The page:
Figure 4: User interface of the LabSolutions UV-Vis sun protection macro. On the left side, the calculated parameters and the sample description are shown. On the right side, a list of the used curves and raw data names is shown for reference
Figure 5: Absorption spectra of different samples of a sunscreen with SPF 30

Other applications

The focus of all these parameters is protection against light in or close to the ultraviolet range, as these can cause erythema, sunburn or – in the worst case – skin cancer. But this analysis can also be applied to infrared light of up to 2500 nm. Infrared light – also known as heat radiation – is usually perceived positively and technically used as a beneficial heat source. But excessive exposure to high intensity infrared light can accelerate skin ageing, which is why sunscreens should also offer some protection against light in the near infrared wavelength range.[8]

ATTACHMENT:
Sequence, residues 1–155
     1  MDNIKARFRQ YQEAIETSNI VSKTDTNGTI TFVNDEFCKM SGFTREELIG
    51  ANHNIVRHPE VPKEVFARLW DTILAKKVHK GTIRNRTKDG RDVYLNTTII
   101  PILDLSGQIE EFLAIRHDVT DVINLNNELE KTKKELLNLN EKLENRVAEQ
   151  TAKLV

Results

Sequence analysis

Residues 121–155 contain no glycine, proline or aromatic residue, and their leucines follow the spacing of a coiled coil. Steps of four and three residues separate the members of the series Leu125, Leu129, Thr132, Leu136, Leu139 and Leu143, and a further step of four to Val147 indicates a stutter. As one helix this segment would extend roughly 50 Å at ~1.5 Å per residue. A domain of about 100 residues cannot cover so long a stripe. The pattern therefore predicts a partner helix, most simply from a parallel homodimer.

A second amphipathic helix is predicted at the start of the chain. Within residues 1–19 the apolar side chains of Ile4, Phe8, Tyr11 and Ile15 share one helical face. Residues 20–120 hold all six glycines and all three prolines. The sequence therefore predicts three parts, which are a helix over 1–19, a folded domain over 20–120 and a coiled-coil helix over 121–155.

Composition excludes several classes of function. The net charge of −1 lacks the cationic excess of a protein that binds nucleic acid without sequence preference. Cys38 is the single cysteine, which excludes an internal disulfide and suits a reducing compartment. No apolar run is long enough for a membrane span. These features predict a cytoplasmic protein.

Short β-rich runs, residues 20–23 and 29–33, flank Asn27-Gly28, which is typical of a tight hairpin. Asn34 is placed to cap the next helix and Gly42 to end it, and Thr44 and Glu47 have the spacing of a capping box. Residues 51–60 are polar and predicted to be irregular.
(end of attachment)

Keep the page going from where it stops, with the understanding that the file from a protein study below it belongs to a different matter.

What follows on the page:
The macro was therefore designed to let the user adjust the wavelength ranges depending on the specific application. With a Shimadzu UV-3600i Plus and the integrating sphere ISR-603, measurement is possible in the wavelength range from 220 to 2500 nm. Additionally, the UV protection factor of fabric can be calculated with the LabSolutions UV-Vis UPF software. Using this combination of technology, the entire range of sun protection topics can be examined, and reveal much more information than does the sun protection factor printed on the sunscreen packaging.